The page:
Bulletin News

Alum honored as young literacy leader


If a child in the classroom of Newfield (N.Y.) Elementary School teacher Elisa Rodriguez M ’19 would rather play a video game, go on social media or watch television than read, she’ll say, “Sure. Just turn on the subtitles.

“I tell them all the time, ‘Visual scanning of the words as you listen to the audio is going to help you pick up things you don’t always notice,’” said Rodriguez, a K-5 intervention specialist in reading at Newfield Elementary, located in a small community outside Ithaca, N.Y.

“I think that a lot of what I try to do is just bring back some of that creativity and that joy to learning literacy skills. I’m trying to bring in non-academic things just to help the children stay motivated.”

Rodriguez’s non-traditional approach isn’t the only thing that sets her apart from her peers. Recently, she was recognized by one of the world’s largest reading education organization’s 30 Under 30 literacy leaders. The International Literacy Organization (ILA), a professional group with more than 300,000 members in 128 countries, was honored for her talent at getting children to master the difficult and essential skill of reading.

Rodriguez, 29, who’s worked in the Newfield District since Fall 2022 and earned an M.S.Ed. in literacy at SUNY Cortland, joined a global group of young educators and advocates from 15 countries. Fellow literacy standouts work in the United States, Norway, Afghanistan, South Africa, Albania, Ghana, Senegal, Bangladesh, Kenya, Hong Kong, Indonesia, Nepal, Philippines, France and Côte d’Ivoire.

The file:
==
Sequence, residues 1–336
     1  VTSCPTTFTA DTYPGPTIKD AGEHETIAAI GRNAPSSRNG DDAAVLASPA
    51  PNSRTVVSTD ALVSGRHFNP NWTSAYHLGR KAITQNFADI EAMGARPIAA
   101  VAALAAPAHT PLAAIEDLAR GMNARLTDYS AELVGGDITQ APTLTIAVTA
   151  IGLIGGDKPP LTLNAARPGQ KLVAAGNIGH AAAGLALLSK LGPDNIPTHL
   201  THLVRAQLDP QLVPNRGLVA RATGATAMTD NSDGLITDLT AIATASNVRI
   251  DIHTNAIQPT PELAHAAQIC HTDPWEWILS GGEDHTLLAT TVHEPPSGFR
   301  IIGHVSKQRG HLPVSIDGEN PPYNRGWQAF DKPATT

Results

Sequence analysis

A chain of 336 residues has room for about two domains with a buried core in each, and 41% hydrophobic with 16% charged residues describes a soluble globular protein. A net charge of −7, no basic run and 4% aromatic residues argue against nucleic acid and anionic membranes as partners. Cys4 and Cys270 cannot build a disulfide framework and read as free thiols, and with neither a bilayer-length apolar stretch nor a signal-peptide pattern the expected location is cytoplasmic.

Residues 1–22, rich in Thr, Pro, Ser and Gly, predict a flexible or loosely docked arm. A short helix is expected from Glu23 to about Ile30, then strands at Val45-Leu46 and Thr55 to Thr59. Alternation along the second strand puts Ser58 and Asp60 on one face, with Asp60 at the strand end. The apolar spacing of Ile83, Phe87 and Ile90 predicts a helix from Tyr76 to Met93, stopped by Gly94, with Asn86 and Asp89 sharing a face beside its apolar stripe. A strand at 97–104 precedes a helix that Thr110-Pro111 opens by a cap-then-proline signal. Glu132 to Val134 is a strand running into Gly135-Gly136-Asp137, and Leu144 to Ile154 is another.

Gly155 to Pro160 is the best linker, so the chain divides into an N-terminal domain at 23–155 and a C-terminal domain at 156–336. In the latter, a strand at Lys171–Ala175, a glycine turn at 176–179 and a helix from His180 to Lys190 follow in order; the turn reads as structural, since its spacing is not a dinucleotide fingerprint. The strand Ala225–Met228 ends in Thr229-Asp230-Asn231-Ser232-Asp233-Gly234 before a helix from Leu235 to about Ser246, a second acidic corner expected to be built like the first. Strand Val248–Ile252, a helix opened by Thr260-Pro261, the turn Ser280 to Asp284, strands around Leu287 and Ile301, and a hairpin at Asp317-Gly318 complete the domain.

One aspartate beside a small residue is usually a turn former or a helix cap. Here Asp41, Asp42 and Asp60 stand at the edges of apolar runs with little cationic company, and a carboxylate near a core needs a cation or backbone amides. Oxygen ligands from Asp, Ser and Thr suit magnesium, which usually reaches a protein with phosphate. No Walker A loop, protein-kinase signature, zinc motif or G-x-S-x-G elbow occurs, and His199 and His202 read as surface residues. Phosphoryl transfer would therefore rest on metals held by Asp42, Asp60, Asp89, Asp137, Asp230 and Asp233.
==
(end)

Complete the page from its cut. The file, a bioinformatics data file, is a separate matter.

The organization’s 30 Under 30 program, launched in 2015, casts an international spotlight on teachers, researchers, philanthropists, advocates and activists who share the common goal of literacy for every child.

In her ninth year of teaching, Rodriguez presently is part of a four-person team with two other reading specialists and a math academic intervention specialist.

As part of her role as the president of the Seven Valleys Reading Council, a ILA affiliate, she organizes literacy-centered professional opportunities for practicing and preservice educators, including virtual sessions focused on diversifying text sets and how the pandemic changed the teaching and learning of literacy skills across all grade levels.

After earning her bachelor’s degree in English in 2014, Rodriguez taught in Ohio and later co-taught a high school global literature class that combined English and history for the Board of Cooperative Educational Services (BOCES).

“I knew I always wanted to be in education and always wanted to be teaching,” Rodriguez said.

“I realized that a lot of the difficulties I dealt with in the classroom had to do with students’ perception of themselves as readers and writers,” Rodriquez said of her decision to pursue a literacy degree. “Cortland’s Literacy Program really helped me become a lot more focused on that reading route.

“The work we did in terms of learning diagnostics was super helpful and very relevant because that’s really what I do now,” Rodriguez said. “They give you the foundational knowledge, the framework and the tools you need to succeed in different settings.

“It’s like they were just giving you the keys and then you can unlock what you need in your practice.”

Before moving to New York state, Elisa Rodriguez M ’19 taught 9-12 humanities at The Montessori School in University Circle in Cleveland, Ohio. She is shown preparing a sandwich with locally grown ingredients in community collaboration with kitchen staff, a school custom.

Her teaching also is shaped by her own very positive experience in school.

“When I was young, school was my happy place, my very successful place,” full of comfortable furniture and enjoyable children’s books read under the guidance of her kind teacher.

Rodriguez works especially hard with learners who may seem disenfranchised with reading and writing in general.

“Based on what had happened to them historically in school, at some point they decided, ‘Oh, I guess I’m not a writer, I’m not a reader, so I just don’t want to do this,’” she said.

“You’re watching them try to navigate learning a difficult skill while you’re trying to keep it fun and not frustrating, trying to keep it a game by incorporating a lot of play into what they do.”